The Hoover Institution Acquires the Tom Killion Papers
Tom Killion was born on November 28, 1953, and was raised in Marin County, California. In 1975 he received his B.A. in history from the University of California, Santa Cruz. He went on to receive a Ph.D in African history with a dissertation on the Ethiopian/Eritrean labor movement from Stanford University in 1985. From 1987 to 1988 Killion worked as an administrator for medical programs in three refugee camps in Eastern Sudan near Showak. In March of 1988 he travelled in the liberated zone of Eritrea with the Eritrean People's Liberation Front, witnessing the battle of Afabet and reporting on it for the Los Angeles Times. From 1990 to 1995 Killion was an Assistant Professor of African History at Bowdoin College. Between 1993 and 1994 Killion was a Fulbright Professor at Asmara University in Eritrea. He later taught courses at Stanford and from 1995 to 2001 was a guest lecturer in the Humanities Department at San Francisco State University. In the early 1990s, Killion helped found the Eritrean Studies Association and organized the first Eritrean Studies Conference at San Francisco State University. His Historical Dictionary of Eritrea remains a notable resource in the field.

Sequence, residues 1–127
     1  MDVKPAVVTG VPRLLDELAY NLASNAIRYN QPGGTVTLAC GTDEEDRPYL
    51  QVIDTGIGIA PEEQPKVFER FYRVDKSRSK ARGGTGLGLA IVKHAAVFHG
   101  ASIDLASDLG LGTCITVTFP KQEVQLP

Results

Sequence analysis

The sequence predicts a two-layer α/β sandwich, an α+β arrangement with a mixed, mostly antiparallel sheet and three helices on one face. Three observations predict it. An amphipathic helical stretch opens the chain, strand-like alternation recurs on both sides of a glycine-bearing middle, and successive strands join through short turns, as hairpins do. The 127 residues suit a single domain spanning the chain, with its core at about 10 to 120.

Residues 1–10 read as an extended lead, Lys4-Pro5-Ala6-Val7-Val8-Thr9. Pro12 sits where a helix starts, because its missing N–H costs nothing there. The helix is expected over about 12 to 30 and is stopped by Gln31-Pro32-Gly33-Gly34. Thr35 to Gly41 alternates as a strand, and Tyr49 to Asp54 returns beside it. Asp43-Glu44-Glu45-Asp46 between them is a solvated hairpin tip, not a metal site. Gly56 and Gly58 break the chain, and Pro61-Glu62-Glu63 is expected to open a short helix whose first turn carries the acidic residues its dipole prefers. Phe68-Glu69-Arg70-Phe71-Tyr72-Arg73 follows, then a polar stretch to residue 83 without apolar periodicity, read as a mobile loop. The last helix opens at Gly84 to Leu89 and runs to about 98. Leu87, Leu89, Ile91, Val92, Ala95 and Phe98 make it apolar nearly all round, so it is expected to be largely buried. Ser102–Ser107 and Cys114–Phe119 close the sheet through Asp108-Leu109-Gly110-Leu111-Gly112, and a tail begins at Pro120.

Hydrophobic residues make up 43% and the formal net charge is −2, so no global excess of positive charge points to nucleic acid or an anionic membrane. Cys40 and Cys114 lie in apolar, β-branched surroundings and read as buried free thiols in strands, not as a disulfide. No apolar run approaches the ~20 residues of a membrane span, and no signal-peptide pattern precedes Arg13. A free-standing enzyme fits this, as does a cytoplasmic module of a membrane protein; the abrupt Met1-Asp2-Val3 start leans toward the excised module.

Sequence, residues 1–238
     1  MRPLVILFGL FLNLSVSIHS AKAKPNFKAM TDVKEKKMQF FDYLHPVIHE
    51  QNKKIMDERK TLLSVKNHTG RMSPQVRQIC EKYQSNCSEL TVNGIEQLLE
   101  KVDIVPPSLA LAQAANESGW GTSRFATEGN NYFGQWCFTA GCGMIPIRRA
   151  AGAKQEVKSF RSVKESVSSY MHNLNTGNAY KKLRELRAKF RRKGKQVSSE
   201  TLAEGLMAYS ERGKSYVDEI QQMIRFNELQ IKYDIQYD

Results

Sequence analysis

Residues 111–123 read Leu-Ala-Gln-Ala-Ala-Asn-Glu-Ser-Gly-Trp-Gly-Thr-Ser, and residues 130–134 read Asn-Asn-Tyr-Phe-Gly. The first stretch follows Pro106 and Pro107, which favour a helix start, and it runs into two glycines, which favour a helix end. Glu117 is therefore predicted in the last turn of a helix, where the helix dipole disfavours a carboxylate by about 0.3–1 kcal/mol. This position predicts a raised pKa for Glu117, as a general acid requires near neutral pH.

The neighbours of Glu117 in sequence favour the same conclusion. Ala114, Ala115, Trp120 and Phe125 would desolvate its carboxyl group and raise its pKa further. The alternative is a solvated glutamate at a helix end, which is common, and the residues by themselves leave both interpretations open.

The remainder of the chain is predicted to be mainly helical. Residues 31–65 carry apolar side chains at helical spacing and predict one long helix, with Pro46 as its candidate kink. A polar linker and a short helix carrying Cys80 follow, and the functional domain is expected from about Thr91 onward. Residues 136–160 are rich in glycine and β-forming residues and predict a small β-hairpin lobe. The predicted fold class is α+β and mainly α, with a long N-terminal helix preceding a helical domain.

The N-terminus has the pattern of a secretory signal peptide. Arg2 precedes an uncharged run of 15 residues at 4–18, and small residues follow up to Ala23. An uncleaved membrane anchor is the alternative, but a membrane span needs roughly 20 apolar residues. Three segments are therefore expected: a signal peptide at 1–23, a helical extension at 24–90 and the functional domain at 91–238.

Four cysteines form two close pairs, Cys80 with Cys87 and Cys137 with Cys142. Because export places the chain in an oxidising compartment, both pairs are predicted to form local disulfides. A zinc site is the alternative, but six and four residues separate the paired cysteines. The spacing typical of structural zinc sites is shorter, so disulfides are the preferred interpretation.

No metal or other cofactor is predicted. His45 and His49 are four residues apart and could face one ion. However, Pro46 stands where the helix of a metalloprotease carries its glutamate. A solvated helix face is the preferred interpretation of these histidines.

Killion is also a nationally recognized woodcut print maker, for which he has received many awards and participated in many exhibitions, as well as the 2009 PBS-TV documentary, Craft in America: Process. He owns Quail Press, which he founded in 1977.
The Collection comprise of correspondence, dissertation and research notes, reports, flyers, pamphlets, and other printed matter relating to political, economic, cultural, and social affairs in the Horn of Africa, in general, and in Eritrea, Ethiopia, and Sudan, in particular.
The sound recording includes interviews with various Eritrean national and labor leaders, Port Workers of Massawa, and Ethiopian labor leaders. The rare interviews include interviews with the late ELF veteran, Azien Yassin (Eritrean Labor Party and Eritrean Liberation Front leader) and Woldeab Woldemariam (Welwel), along with Ibrahim Sultan, he is considered to be "Father of Eritrean Nationalism".
The collection is now available to the public.
In 1994, Tom Killion conducted an interesting interview with the Eritrean media on the importance of "national service".
Below is the Tigrinya translated interview.